Designing the face of your brand to be the icing on the cake

Lets get one thing out of the way: logo design is much, much more than a few shapes or a good looking typeface. It’s exemplary of a brand’s vision, values and personality and it should be easy to recognize. At Yummygum we love to help brands (re)discover themselves– logo’s are an important step in that journey.

Even though most people see a logo as a single reference point of a design (or even use the logo as synonym for the brand), it’s important to understand a logo from a broader perspective. It should fall into place like a puzzle piece. that puzzle piece captures the essence and symbolizes the purpose, personality, vision, mission and values of a brand. Together with other elements such as color, typography, patterns and tone of voice, it should ring through all of your messaging and touchpoints to create a memorable brand identity.

A logo can exist in multiple ways


A logotype is a logo that consists of text or (custom(ized) letters, e.g. a company name or their initials. Although using logotypes can be incredibly helpful for things like name recognition, it’s less suitable for an international market as some font’s aren’t available for all alphabets. Besides, there is a chance of aging since it’s based on letters.


A mark is a logo that’s centered around a symbolic image or an icon. It can be used in many places, whether that be print or online. It works exceptionally well if it represents something from the branche or industry it belongs to, or even better if it’s an abstract concept that fits right into the brand identity. It also adds to brand recognition, and can stand on its own without feeling out of place.

Mark and logotype

A mark and logotype gives the best of both worlds! A mark can be used for single recognition points like social media avatars. The logotype can add to the name awareness and recognition. However, clear rules need to be written about how, why and when to use the logotype and mark. With the Yummygum logo for example, the mark is always left of the logotype. Though we have one exception, our doorbell!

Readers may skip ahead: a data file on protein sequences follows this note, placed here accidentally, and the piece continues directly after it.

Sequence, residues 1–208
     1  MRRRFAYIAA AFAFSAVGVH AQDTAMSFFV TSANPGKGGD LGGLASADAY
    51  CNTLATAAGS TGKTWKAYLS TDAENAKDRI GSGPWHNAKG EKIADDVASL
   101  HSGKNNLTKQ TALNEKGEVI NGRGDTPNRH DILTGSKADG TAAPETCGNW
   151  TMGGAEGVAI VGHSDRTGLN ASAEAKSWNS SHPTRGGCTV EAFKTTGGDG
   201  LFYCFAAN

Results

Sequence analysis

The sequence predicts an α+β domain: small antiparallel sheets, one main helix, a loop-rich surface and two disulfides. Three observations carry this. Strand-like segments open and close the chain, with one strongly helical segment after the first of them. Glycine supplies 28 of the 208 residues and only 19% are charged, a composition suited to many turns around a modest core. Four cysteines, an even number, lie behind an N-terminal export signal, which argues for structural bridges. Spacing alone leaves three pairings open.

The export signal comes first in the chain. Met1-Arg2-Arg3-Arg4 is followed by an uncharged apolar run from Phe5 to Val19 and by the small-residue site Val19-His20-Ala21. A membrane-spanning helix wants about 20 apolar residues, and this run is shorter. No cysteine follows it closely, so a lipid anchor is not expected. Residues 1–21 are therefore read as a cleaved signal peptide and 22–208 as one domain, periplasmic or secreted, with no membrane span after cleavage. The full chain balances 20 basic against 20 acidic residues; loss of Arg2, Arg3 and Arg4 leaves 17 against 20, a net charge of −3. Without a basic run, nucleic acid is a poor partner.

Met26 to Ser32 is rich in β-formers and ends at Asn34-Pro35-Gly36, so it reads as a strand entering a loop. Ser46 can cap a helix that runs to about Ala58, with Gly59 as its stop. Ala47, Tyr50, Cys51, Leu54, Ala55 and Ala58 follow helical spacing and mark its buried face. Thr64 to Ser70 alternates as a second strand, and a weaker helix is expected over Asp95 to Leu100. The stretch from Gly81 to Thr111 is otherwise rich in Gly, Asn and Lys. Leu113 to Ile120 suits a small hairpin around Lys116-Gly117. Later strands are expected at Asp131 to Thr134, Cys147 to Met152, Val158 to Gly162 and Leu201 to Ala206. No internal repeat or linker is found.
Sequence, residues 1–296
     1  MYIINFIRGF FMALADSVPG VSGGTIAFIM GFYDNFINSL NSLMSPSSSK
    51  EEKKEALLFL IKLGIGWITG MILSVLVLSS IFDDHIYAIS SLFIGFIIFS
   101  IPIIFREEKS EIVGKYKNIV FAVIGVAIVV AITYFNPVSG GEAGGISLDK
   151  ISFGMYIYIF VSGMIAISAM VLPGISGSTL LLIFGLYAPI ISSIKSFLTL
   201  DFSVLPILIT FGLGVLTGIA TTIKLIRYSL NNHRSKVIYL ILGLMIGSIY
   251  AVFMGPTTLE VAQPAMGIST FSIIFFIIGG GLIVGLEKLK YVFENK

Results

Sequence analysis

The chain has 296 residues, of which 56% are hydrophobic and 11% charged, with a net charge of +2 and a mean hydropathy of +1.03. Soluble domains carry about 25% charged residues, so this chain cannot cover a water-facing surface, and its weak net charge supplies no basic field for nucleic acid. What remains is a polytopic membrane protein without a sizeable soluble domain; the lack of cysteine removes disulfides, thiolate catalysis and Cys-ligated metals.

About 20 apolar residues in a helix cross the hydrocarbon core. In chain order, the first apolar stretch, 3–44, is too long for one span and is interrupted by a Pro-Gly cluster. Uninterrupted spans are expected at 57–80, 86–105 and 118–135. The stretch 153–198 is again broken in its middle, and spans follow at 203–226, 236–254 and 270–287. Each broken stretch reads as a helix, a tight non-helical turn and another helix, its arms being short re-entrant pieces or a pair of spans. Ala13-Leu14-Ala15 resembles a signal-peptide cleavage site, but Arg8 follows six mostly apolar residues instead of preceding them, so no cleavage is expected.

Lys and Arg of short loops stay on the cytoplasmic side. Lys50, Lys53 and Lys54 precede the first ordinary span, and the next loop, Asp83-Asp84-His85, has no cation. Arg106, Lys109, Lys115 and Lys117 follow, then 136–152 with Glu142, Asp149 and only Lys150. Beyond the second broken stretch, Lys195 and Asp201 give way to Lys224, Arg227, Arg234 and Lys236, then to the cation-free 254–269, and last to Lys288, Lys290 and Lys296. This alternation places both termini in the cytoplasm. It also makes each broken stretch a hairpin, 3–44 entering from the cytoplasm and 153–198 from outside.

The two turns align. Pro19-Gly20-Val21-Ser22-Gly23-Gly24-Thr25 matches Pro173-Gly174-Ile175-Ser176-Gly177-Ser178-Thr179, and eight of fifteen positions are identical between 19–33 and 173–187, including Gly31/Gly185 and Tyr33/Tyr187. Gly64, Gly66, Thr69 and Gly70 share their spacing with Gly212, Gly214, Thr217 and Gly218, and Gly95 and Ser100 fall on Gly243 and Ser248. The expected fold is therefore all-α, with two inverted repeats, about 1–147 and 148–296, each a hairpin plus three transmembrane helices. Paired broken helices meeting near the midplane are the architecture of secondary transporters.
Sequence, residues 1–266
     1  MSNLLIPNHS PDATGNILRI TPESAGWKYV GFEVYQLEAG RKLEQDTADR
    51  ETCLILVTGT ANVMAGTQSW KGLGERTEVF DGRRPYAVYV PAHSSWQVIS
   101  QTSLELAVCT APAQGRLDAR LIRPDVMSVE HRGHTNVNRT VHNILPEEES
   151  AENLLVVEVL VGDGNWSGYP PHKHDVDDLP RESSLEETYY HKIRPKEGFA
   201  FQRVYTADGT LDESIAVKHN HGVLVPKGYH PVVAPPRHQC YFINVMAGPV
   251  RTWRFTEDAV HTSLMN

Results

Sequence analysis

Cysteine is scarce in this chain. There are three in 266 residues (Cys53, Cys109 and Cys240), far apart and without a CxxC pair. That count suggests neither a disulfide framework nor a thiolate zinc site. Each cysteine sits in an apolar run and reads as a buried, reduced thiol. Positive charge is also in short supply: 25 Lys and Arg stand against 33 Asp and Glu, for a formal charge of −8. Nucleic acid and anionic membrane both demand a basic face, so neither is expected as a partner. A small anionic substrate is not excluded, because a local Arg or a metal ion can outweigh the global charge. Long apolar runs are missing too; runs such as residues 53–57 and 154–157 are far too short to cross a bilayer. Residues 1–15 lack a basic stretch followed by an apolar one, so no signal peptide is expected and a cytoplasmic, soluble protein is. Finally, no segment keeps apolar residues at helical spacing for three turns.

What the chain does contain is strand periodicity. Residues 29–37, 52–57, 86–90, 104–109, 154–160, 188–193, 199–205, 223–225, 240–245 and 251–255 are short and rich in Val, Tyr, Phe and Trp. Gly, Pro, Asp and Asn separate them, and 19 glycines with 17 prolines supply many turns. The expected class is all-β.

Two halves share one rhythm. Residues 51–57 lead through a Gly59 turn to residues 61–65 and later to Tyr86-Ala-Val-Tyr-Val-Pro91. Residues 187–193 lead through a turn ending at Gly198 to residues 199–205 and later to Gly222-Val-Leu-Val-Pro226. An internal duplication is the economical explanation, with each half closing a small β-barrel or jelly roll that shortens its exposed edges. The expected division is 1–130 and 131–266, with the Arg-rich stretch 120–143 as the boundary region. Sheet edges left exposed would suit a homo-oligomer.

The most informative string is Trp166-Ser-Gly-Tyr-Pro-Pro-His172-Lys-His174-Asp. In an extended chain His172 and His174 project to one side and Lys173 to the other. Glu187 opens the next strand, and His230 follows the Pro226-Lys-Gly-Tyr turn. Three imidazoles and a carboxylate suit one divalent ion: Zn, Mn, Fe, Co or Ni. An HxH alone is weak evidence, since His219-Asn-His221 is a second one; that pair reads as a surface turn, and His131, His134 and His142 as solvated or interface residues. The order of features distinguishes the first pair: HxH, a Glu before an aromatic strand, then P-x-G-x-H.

Keep it simple

It’s important not to be (entirely) dependent on color or lighting effects; it should work as a monochrome symbol too. If your logo will consist mostly of gradients it will be beneficial to have a monochrome version too. Another thing to do is to try and work with negative space, which can add sophistication to logo marks. It also adds more options for other creative options later on down the road.


Most brands have an extensive amount of digital and printed brand collateral. These are used to promote the brand, and support the marketing and sales of a service or product. This means the logo could be barely visible at times e.g. on a pen. Other times it will need to be scaled up, e.g. on a large roadside banner. A logo should work on all sizes, period. That’s why it’s good to keep scaling this in mind when designing a logo. Readability is incredibly important for logo design. If a logo consists of thin lines, it won’t be visible on small scale, or loose it’s particular loose and feel. A solution could be to tweak the logo, or design a variant specifically for a different scale.

Main takeaways

  • Logo’s are important, but don’t forget they’re only one part of a larger scale brand identity

  • Make sure a logo is still clearly visible on different sizes

  • Keep it simple, keep simplyfing until you have the core essence of the brand

  • Always keep clients involved so they can provide input on their style preferences

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